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Old Jun 11, 2007, 1:08 PM   #1
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whats a good digital slr camera with a very low shutter lag? I have a Canon Powershot A40 right now which has a pretty low lag of 0.09 seconds, but i want to upgrade. It would be good if it was under $1000 too.
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Old Jun 11, 2007, 4:02 PM   #2
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seerskater wrote:
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whats a good digital slr camera with a very low shutter lag? I have a Canon Powershot A40 right now which has a pretty low lag of 0.09 seconds, but i want to upgrade. It would be good if it was under $1000 too.
I have some doubts about the .09 number but the typical # for current generation DSLR is said to be .02 sec. or better.
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Old Jun 11, 2007, 9:30 PM   #3
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really? i cant seem to find any under 0.1 seconds. could you name some for me?
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Old Jun 11, 2007, 9:55 PM   #4
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E500 Olympus - .081s

Canon 30D - .068s

Nikon D200 - .057s
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Old Jun 11, 2007, 10:08 PM   #5
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seerskater, don't get too caught up in technicalities. There is not an auto focus camera made with zero shutter lag (I know you didn't say that). Even the film slrs that had auto focus had some lag, sometimes to the point you could lose your shot, depending on the light, or lack thereof. In bright sun or even average light conditions, the lag from framing to focus to shot will seem almost instantaneous with almost any slr, digital or not. I have a d50 and have never experienced anything resembling a lag unless the light was dim and the camera had to hunt. To avoid any lag, ever, all you have to do is focus manually, which is just plain silly, given the accuracy of modern auto-focus.

As far as which camera has the least lag, its really a crap shoot and depends on which pixel-peeping techno-geek you talk to.

Take pictures, after all its photography, not racing!

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Old Jun 12, 2007, 1:23 AM   #6
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Maybe I am wrong but it's hard for me to believe that a 4 or 5 year old A40 has a shutter lag faster than Canon's newer Powershots. According to Steve's review, it doesn't. Check out the last pages of Steve's reviews of various cameras. He always comments on shutter lag, full autofous and prefocused. I think the A630 might worthy of your consideration.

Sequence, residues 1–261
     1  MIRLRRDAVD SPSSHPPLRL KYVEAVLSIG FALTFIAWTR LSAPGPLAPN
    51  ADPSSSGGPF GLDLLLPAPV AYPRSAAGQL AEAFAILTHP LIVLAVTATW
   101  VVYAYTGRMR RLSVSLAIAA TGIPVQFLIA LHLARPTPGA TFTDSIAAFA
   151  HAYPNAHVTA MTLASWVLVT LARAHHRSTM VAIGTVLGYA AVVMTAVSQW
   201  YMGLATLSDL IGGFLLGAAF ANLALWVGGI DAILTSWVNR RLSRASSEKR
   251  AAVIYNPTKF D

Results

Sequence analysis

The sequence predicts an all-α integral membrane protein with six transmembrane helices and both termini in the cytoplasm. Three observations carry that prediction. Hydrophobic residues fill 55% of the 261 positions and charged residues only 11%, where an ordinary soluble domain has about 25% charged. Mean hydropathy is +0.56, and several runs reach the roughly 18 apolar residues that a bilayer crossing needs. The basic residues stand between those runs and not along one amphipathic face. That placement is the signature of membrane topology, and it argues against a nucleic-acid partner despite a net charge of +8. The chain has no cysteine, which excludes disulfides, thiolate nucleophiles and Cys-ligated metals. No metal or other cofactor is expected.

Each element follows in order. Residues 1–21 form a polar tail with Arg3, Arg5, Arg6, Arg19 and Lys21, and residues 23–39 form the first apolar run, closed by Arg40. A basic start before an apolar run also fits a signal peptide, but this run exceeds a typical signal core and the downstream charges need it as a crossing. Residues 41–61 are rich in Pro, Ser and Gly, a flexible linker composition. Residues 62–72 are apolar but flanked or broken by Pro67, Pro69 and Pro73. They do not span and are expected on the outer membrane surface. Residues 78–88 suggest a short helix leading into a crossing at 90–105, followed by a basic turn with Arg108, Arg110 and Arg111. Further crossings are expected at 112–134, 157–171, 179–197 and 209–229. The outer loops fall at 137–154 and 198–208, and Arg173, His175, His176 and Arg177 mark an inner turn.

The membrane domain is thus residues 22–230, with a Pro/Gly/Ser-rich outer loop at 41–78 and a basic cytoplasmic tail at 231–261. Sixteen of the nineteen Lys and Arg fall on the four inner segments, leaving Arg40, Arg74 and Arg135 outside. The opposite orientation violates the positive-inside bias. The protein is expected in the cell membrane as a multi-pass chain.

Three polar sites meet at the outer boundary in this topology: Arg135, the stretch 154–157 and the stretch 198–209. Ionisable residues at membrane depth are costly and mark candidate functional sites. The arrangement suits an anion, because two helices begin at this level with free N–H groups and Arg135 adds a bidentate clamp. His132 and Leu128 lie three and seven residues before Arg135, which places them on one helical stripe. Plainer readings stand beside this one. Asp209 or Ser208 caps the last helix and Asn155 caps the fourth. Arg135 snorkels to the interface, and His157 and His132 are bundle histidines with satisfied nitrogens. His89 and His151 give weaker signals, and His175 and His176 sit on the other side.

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Old Jun 12, 2007, 11:01 AM   #7
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thats for the suggestion, i have found some compact cameras with very fast shutter lags, but i was looking for something more on the lines of a DLSR
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Old Jun 12, 2007, 11:34 AM   #8
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Hawgwild wrote:
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seerskater, don't get too caught up in technicalities. There is not an auto focus camera made with zero shutter lag (I know you didn't say that). Even the film slrs that had auto focus had some lag, sometimes to the point you could lose your shot, depending on the light, or lack thereof. In bright sun or even average light conditions, the lag from framing to focus to shot will seem almost instantaneous with almost any slr, digital or not. I have a d50 and have never experienced anything resembling a lag unless the light was dim and the camera had to hunt. To avoid any lag, ever, all you have to do is focus manually, which is just plain silly, given the accuracy of modern auto-focus.

As far as which camera has the least lag, its really a crap shoot and depends on which pixel-peeping techno-geek you talk to.

Take pictures, after all its photography, not racing!

Welcome to Steve's...Robert
Even in manual focus an SLR as lag...That merror has to get out of the way.

Your best bet is too pratice timing and worry less about lag



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Old Jun 12, 2007, 11:39 AM   #9
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Unless you plan on using manual focus, Autofocus Lag is usually a far more important consideration.

You can get a general idea of a camera's performance if you read it's review conclusion section here.

But, your actual Autofocus lag may be very different, depending on the subject, lighting, lens, focal length and more. Lighting has a big impact on Autofocus performance, and some lenses will focus much faster than others.

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Old Jun 12, 2007, 10:18 PM   #10
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Funny but I have no idea what the shutter lag or autofocus resonse time is on either of KMDSLRs. I constantly take shots of dancers doing jumps and other acrobatic feats and sometimes in very poor light and still have a fast enough shutter response to get the shot. Of course anticipating the action helps and that takes practice and a knowledge of what you are shooting.












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